May 27, 2008

Sacred. The word came to mind frequently as we prepared this issue, with features on Christian music studies (page 30) and students' spiritual development (page 38). But it also goes beyond those obviously religious subjects into most every realm of the University.
By definition, sacred refers to "something set apart or dedicated for a holy purpose, connected to God, for use by God, or for God's glory." At Baylor's core from its earliest days has been that connection to a holy purpose, to something sacred.
The motto on Baylor's official seal--"Pro Ecclesia, Pro Texana"--defines the scope of what this great University was created to be: "For Church, For Texas." The second half of that motto has expanded well beyond the borders of what was then the Republic of Texas to welcome students from all across the country and even around the world, while the first half is still central to Baylor's identity as it is defined in the University's mission statement: "to educate men and women for worldwide leadership and service by integrating academic excellence and Christian commitment within a caring community."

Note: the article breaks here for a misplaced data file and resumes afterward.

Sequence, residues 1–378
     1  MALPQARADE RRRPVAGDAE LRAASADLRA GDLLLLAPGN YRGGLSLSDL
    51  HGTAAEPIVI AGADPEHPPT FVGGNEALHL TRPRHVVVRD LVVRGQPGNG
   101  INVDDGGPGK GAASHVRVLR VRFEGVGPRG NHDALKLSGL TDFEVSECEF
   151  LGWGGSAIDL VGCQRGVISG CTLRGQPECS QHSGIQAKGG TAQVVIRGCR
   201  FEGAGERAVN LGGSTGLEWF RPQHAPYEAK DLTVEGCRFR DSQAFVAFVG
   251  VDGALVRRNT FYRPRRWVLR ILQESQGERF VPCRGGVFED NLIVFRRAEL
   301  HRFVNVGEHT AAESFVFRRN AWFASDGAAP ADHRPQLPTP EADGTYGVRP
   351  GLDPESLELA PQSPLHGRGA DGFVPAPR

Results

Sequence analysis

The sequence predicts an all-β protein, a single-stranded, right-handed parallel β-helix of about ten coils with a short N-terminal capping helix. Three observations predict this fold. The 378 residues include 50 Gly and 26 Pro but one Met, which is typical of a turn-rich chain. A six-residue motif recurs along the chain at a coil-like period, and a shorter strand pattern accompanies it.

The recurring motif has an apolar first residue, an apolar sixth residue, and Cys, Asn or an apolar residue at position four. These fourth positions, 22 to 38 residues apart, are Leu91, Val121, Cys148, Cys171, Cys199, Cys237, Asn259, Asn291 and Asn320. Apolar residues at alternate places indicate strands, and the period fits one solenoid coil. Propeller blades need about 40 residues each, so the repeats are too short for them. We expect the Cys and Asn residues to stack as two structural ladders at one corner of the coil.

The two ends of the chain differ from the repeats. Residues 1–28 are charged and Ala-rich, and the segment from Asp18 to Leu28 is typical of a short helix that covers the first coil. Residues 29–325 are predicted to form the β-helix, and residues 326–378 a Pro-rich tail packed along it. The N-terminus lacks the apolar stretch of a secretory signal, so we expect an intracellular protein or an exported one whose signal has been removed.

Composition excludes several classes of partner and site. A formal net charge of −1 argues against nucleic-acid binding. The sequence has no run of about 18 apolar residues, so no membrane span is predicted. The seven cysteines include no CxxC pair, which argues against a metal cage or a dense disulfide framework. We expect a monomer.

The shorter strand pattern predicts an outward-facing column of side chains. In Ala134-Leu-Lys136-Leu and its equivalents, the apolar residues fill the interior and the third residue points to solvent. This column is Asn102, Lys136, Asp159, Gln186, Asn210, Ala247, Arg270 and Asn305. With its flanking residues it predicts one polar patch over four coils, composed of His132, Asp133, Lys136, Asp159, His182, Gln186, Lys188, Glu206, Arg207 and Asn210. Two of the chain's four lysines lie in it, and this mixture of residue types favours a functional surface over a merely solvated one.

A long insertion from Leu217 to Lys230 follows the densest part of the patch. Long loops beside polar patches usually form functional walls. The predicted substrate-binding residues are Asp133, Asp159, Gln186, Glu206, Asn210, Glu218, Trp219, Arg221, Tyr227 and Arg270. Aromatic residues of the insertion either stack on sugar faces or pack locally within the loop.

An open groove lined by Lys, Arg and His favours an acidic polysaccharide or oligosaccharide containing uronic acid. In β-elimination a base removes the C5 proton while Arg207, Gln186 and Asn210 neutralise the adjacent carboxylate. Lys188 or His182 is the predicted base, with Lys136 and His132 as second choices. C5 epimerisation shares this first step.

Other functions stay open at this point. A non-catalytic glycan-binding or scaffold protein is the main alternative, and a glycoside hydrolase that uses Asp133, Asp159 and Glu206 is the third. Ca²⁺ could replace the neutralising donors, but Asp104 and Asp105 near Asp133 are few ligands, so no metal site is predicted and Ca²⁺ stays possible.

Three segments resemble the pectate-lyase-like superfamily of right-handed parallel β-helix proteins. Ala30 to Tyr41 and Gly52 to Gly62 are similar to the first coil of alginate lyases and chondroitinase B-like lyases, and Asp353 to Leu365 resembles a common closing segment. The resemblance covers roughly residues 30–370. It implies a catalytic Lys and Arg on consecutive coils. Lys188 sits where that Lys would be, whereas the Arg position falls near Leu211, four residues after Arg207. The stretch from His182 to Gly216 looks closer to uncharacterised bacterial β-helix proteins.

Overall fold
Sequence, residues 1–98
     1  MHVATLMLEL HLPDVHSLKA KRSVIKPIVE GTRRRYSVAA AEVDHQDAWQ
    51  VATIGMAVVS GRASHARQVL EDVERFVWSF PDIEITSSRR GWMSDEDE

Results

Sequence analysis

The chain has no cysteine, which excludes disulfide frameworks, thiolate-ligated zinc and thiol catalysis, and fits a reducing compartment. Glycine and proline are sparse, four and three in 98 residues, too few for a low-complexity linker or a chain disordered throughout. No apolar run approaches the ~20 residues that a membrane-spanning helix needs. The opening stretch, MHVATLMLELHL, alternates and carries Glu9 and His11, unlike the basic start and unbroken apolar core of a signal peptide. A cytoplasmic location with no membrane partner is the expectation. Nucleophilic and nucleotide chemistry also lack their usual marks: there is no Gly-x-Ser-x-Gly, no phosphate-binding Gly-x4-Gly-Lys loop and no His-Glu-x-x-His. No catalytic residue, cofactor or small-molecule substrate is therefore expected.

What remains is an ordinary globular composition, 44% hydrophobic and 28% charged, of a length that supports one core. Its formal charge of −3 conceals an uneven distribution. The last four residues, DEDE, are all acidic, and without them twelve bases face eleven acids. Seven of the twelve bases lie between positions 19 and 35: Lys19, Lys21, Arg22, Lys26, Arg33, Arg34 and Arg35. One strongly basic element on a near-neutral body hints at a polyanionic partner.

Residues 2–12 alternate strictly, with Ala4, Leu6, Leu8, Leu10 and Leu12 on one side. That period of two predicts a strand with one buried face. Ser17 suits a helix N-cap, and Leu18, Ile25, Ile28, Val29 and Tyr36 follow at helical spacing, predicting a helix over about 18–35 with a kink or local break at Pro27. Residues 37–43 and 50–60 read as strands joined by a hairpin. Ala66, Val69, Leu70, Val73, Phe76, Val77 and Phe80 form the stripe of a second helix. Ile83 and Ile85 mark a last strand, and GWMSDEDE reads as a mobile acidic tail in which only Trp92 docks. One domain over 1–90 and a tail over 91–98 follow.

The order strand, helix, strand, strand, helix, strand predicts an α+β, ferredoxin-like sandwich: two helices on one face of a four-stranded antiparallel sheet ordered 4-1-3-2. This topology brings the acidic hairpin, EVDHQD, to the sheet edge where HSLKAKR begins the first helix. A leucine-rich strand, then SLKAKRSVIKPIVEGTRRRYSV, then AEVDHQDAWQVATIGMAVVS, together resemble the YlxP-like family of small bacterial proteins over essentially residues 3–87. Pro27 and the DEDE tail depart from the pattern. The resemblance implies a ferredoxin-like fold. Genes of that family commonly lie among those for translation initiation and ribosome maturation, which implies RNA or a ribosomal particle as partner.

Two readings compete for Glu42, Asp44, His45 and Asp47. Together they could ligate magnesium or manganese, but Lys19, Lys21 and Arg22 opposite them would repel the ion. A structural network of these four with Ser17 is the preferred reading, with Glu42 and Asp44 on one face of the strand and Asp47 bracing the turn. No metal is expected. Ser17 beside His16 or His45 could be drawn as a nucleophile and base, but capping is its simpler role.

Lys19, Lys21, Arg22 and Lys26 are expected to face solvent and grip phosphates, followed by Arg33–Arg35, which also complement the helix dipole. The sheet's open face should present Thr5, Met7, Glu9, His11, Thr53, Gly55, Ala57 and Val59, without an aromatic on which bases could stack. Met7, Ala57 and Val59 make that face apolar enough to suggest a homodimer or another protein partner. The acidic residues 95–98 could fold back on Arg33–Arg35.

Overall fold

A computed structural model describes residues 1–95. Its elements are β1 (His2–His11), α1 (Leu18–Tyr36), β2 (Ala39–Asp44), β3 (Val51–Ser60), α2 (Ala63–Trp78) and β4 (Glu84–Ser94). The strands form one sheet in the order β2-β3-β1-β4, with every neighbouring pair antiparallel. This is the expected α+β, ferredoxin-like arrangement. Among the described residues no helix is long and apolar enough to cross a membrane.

Baylor 2012, the 10-year vision of the University now in its sixth year, seeks to advance that mission even further by leading Baylor into "the top tier of American universities while reaffirming and deepening its distinctive Christian mission."
What a powerful combination! An institution of higher learning that equips young people to impact the world as leaders in business, science, education and entertainment, not only with the knowledge and skill to be the best, but with compassion and commitment to serve the least.
That shows through in much of what's going on at Baylor. The University's new emphasis on environmental research (page 24) and recycling (page 9) boils down to a desire to be good stewards of the Earth God has given us. Other efforts, like the Baylor Autism Resource Center (page 11) and student-led charity fundraisers (page 14), illustrate the University's attitude toward service. And of course, we still like to see our academic work recognized by organizations outside our community, be that in award-winning students and professors (pages 7 and 11) or national rankings from U.S. News and BusinessWeek (page 8).
This past month, I sat in the home of a professor with a number of his students and listened to the testimony of a pastor from a small village in India. The professor followed with his own testimony and an invitation to join him on an upcoming mission trip to this pastor's village. This wasn't a religion class, or a course on world missions, but a professor of neuroscience, sharing his home, his life, and his own commitment to the cause of Christ with his students.
As you read this issue, I hope you will see other examples of how Baylor is taking seriously its commitment to "integrate academic excellence and Christian commitment."
That, too, is something sacred.

Randy Morrison
Director, Baylor Magazine

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